* Glut of fruit, vegetables, meat to drive down prices
* Competition set to rise in Middle East, Asia
* EU promising measures to deal with food surplus
By Michel Rose and Wiktor Szary
PARIS/WARSAW, Aug 18 Pascal Sauvetre, an apple
farmer in Poitou-Charentes on France's Atlantic coast, has a
headache beyond the usual concerns about weather and tree
fungus: Polish apples.
As the European Union's second biggest apple producer,
Poland has some 700,000 tonnes of the fruit it usually sells to
Russia but can't, because Moscow has a food embargo on many EU
and U.S. goods as part of tit-for-tat sanctions related to the
Many of those Polish apples will inevitably head for western
Europe, potentially displacing their more expensive European
rivals. Others will go to markets in Asia and the Middle East,
traditionally supplied by EU countries such as France.
"What's really sending shivers down my spine is the ricochet
effect," said Sauvetre, sales manager of Pom' Deux-Sevres
cooperative. "These apples from eastern Europe that can't be
sold to Russia and will be sent to western Europe - it's obvious
it's going to hurt, a lot."
Apples are just one element in an unfolding problem for
Europe's farmers and its central bank policymakers. From Polish
apples to French pork and Greek peaches, exporters to Russia may
either have to slash prices or destroy produce.
It is just about the last thing that the European Central
Bank wants to see as it struggles with a flatlining economy and
worries about deflation.
George Polychronakis of Greek fruit export association
Incofruit-Hellas, for example, watched as some 250 truckloads of
peaches and nectarines en route to Russia were halted when the
Greece exported 160,000 tonnes of fruit to Russia last year,
worth 180 million euros ($240 million) to the crisis-hit EU
"They'll either have to sell it at any price to countries
along the way or be forced to bring it back to Greece where it
will be destroyed," he said.
"Oversupply will drag down prices for other goods and that
will have a domino effect on the entire market. Even today, I
went to the supermarket to buy peaches for myself and they were
cheaper than three days ago."
It is also not just fruit.
"In total, a million tonnes of pork, poultry and beef from
the EU will remain on the market (rather than go to Russia).
It's a very big blow," said Paul Rouche, general manager in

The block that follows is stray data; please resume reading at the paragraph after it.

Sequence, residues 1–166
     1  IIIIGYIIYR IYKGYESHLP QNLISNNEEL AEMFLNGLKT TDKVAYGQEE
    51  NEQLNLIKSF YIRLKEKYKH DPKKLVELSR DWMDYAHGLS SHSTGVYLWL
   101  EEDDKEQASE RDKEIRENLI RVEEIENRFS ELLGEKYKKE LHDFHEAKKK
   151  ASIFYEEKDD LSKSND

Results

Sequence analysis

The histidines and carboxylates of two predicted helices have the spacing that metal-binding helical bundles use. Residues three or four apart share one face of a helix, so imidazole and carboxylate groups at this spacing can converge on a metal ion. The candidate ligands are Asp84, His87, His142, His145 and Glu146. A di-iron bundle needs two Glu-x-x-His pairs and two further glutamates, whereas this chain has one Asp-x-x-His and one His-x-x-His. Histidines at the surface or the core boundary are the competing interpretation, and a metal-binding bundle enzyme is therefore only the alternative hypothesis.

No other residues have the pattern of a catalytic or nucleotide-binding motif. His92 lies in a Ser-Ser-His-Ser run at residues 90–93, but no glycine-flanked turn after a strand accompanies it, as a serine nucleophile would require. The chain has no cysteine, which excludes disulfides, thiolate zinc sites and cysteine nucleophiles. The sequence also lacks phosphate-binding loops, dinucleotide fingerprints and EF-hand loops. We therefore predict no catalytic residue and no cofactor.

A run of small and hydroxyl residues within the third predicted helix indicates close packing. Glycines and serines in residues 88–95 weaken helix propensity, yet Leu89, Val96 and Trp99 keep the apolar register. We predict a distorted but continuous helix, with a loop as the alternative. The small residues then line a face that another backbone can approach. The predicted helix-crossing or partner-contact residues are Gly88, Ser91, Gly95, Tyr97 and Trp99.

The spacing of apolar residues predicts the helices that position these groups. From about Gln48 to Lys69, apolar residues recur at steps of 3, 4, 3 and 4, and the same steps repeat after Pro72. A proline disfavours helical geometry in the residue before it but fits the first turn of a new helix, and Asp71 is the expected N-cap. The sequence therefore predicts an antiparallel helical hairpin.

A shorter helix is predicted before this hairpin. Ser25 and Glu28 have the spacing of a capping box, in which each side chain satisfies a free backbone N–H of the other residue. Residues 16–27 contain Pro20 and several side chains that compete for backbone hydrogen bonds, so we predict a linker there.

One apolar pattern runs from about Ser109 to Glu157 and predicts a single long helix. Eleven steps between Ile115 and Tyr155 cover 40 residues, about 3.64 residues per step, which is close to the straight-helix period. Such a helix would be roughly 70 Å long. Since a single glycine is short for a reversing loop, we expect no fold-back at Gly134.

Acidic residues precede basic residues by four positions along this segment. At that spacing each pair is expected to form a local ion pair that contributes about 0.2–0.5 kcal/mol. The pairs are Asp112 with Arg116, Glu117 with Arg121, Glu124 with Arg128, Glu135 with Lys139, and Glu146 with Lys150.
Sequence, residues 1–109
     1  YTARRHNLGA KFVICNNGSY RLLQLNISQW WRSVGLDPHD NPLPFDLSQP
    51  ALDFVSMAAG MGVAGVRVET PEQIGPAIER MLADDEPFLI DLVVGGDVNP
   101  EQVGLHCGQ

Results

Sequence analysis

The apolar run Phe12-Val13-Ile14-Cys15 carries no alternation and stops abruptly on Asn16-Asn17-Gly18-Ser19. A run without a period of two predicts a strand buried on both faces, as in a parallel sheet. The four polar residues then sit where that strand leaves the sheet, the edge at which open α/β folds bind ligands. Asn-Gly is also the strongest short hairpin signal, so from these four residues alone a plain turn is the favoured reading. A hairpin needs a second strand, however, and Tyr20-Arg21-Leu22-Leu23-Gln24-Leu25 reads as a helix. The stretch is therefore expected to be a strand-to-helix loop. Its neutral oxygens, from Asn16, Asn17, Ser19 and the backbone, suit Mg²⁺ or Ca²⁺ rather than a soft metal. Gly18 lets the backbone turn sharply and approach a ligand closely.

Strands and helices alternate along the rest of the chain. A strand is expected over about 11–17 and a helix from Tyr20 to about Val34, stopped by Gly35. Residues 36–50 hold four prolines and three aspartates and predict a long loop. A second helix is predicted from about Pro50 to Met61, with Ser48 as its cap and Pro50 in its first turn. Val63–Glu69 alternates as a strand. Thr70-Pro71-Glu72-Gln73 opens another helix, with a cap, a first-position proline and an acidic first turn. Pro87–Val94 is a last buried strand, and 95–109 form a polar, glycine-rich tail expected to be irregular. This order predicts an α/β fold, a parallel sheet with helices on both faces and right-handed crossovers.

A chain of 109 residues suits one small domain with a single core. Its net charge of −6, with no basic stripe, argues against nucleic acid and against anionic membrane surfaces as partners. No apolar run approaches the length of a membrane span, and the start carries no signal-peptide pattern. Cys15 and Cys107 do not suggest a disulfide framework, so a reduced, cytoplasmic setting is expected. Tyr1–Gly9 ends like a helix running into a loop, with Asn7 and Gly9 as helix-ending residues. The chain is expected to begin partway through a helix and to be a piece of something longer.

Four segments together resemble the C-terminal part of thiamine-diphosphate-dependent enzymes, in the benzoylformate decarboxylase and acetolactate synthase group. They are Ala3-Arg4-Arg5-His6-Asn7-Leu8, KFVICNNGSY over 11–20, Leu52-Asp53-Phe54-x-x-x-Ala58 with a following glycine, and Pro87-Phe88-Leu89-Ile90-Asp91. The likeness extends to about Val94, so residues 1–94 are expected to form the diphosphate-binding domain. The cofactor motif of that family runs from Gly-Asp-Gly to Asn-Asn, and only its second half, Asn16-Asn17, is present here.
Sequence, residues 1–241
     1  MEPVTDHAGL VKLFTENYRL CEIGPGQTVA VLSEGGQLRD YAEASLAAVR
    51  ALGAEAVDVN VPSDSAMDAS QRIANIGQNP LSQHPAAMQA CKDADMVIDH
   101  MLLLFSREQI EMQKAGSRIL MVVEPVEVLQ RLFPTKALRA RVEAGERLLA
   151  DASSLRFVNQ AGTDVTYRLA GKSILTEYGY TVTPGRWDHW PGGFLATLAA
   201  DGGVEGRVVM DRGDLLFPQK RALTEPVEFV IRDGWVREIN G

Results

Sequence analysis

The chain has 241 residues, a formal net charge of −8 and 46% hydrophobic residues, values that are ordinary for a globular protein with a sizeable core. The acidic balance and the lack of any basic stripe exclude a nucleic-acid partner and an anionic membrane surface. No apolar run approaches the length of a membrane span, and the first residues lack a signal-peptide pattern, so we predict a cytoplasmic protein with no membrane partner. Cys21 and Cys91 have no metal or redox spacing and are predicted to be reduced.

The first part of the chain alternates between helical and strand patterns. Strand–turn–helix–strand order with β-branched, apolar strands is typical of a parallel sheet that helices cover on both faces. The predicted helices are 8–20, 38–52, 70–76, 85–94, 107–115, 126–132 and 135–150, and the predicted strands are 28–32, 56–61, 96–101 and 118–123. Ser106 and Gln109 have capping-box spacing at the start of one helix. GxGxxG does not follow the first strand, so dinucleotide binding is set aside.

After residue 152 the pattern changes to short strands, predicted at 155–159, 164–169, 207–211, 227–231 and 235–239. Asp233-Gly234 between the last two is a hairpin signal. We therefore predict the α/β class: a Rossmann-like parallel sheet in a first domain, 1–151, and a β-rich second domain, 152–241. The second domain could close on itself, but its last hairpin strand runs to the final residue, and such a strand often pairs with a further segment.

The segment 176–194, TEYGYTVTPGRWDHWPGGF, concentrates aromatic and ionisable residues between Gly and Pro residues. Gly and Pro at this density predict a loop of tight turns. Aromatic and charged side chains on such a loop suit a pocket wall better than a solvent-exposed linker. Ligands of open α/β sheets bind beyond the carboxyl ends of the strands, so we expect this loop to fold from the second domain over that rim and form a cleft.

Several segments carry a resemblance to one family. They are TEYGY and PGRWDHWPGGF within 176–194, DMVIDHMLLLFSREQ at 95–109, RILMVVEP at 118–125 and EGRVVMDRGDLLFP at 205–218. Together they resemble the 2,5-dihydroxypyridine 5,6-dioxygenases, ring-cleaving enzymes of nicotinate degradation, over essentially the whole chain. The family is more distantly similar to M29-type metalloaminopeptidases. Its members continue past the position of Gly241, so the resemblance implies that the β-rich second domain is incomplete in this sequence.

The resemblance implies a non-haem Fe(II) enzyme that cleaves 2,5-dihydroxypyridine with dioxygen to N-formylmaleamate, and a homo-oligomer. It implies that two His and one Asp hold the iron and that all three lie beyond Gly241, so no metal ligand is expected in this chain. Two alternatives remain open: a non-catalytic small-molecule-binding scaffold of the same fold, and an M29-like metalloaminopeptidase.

charge of pork for the French meat trade union SNIV.
At the macroeconomic level, this threat of lower prices
might not matter in normal times.
Food accounts for about 14 percent of the basket of goods
used to calculate euro zone harmonised inflation. Alone, fruit
and vegetables account for just less than 3 percent the basket.
But these are not normal times as far as inflation is
Despite record low interest rates and money pumping
policies, euro zone inflation is running at only 0.4 percent
year-on-year, a number that is way below the ECB's close-to, but
below 2 percent level and also entrenched in what the central
bank considers "the danger zone" under 1 percent.
This is before any major impact from the sanctions.
Deutsche Bank analysts have lowered their euro zone 2015
inflation forecast to 1.1 percent from 1.2 percent on the basis
of western European food supplies being banned from Russia and
producers offloading capacity in the euro zone. They see the
impact taking effect from this autumn.
"I think it would have to start pervading core inflation
before they (the ECB) really freak out. But it doesn't help,"
Deutsche Bank economist Gilles Moec said.
The deflationary potential can already be seen in some
Total Dutch fruit and vegetable sales to Russia were about
600 million euros last year, according to Frugi Venta, a trade
association that represents 420 Dutch companies.
"Prices in some fruit and vegetables have fallen by as much
as 75 to 80 percent," said spokeswoman Inge Ribbens. "A lot of
trucks have been turned back at the border."
LEAVE IT ON THE TREE?
The closing off of a major export market, meanwhile,
threatens to hurt segments of the euro zone economy at a time
when growth is pretty poor anyway.
There was no economic growth between the first and second
quarters of this year in the euro zone and on a year-on-year
basis the growth rate is just 0.7 percent.
Scrambling to limit damage on their agricultural sector,
Poland and others have asked the EU to draw up plans to withdraw
the surplus from the market and compensate farmers.
European Agriculture Commissioner Dacian Ciolos has said he
would soon announce measures to help support producers of
perishable fruit and vegetables.
"We asked the Commission to help us avert the crisis this
season and allow us to deal with the surplus by distributing it
to charities, turning it into biofuel or simply using the apples
as organic fertiliser," Polish Agriculture Minister Marek
Poland is trying to tap markets in Algeria, Hong Kong,
Taiwan, Singapore and India.
"Realistically, we can place around 100,000 tonnes on new
markets in South America, North Africa and the Far East,"
Miroslaw Maliszewski, head of the Polish Fruit-growers'
Association, told Reuters.
Warsaw has also asked the United States to open up its
market to Polish apples, said Poland's ambassador to Washington,
He has dubbed them "Freedom Apples" in the hope of
persuading Americans it is a patriotic duty to tuck in.
(Additional reporting by Karolina Tagaris in Athens, Anthony
Deutsch in Amsterdam and Paul Carrel in Frankfurt; Writing by
Matt Robinson; Editing by Jeremy Gaunt)